In all we traveled in parts of 5 states, and mostly people were fairly cool (although in general quite bossy, even the little children). We had both come across far more persistent beggars in certain parts of SE Asia. On one memorable occasion a woman on the street in Delhi asked us for “chapatti” (bread/money). Restaurant servings would make any North American proud, and we got into the habit of taking the bread we didn’t eat with us to give to the numerous street dogs. So I had a fresh stack of them with me and she was genuinely delighted. Then a child with her group chased after us and asked for an ice cream, which I obliged at a nearby stand. The kid was so happy she ran after us a second time to shake our hands.

I developed a new respect for Islam as nobody harasses you in a mosque, they are always scrupulously clean and ultimately Moslems proved to be more respectful to women travelers. In fact I spent my last night in India with our Moslem travel agency people and was quite comfortable dining in the home of six men! Thanks Billal, Moin, Romi & co.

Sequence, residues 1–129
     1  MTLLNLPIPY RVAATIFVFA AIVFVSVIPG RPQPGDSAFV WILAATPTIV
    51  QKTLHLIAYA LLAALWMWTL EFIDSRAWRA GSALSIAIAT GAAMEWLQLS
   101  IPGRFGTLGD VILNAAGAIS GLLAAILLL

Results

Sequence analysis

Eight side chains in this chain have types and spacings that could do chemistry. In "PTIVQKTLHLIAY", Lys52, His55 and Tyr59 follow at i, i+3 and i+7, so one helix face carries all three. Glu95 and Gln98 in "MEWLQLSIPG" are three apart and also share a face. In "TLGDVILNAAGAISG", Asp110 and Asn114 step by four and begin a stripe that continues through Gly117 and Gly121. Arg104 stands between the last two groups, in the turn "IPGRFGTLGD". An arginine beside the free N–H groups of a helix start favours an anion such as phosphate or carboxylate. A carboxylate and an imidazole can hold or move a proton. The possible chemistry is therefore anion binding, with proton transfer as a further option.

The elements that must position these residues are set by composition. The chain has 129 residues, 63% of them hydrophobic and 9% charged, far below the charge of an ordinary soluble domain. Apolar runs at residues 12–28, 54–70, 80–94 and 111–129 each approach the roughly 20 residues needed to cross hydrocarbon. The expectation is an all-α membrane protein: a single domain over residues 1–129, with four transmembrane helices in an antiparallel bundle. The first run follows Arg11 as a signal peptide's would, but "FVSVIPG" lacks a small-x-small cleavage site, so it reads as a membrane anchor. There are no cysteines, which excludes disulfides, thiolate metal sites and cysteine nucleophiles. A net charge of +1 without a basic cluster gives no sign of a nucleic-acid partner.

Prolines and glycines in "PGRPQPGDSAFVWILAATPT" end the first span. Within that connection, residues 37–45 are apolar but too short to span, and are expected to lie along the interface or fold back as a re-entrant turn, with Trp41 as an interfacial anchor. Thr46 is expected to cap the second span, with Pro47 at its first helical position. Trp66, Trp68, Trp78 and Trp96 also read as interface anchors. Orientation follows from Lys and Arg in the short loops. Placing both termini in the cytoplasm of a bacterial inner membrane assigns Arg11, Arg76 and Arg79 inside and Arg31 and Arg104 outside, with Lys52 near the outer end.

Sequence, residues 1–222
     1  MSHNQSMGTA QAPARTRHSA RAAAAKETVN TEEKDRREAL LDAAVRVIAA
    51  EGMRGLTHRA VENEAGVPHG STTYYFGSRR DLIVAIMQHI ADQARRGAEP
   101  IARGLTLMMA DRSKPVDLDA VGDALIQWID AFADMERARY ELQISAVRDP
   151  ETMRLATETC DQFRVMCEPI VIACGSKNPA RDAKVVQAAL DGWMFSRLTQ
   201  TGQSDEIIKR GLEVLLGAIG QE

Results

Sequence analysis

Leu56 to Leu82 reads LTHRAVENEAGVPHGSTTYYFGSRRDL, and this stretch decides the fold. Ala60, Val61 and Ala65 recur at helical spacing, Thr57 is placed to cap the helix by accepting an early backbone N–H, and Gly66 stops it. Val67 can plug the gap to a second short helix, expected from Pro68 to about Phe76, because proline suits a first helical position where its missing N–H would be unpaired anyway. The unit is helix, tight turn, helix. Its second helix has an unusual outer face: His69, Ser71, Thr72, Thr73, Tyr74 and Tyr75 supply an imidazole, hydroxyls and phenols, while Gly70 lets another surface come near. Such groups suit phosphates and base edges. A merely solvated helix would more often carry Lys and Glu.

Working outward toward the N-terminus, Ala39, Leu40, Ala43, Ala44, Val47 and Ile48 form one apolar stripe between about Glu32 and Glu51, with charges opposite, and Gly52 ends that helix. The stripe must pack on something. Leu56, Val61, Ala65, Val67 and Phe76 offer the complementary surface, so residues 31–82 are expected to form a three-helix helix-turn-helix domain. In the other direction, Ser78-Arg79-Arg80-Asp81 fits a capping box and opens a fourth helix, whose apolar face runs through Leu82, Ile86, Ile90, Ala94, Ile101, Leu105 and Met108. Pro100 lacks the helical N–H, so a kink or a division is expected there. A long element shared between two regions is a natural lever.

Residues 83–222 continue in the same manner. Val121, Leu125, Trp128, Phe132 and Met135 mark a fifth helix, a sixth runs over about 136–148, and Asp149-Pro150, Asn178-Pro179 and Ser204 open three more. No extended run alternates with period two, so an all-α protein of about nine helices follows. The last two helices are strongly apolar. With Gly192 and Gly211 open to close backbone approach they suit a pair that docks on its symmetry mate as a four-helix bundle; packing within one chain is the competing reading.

Although one should be careful, India’s not exactly money-belt territory where you have to be constantly worried about people grabbing your stuff like the worst I imagined. My mum Brig reckons Italy is far worse for pick pockets. Although filtering out hustlers is hard work, if you’re up for it and don’t mind dust, India is as colourful and fascinating destination as the TV ads say – though, coming from Korea, not as cheap as you’d think. Home seems tame: the power always works and the traffic so well behaved. But when I arrive my future husband Jin is waiting for me at the bus stop, grinning, and my cute cat puts his head on my shoulder and cuddles me. I wonder just when my headspace will finally drift across the continent to join me in Seoul? If you can put up with a few less creature comforts, India sure is incredible.
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This Fiona Isobel Jackson’s second travelogue for 3WM. She is a veteran English teacher and traveler from Australia. She lives in Seoul and can be reached at feeij69@yahoo.com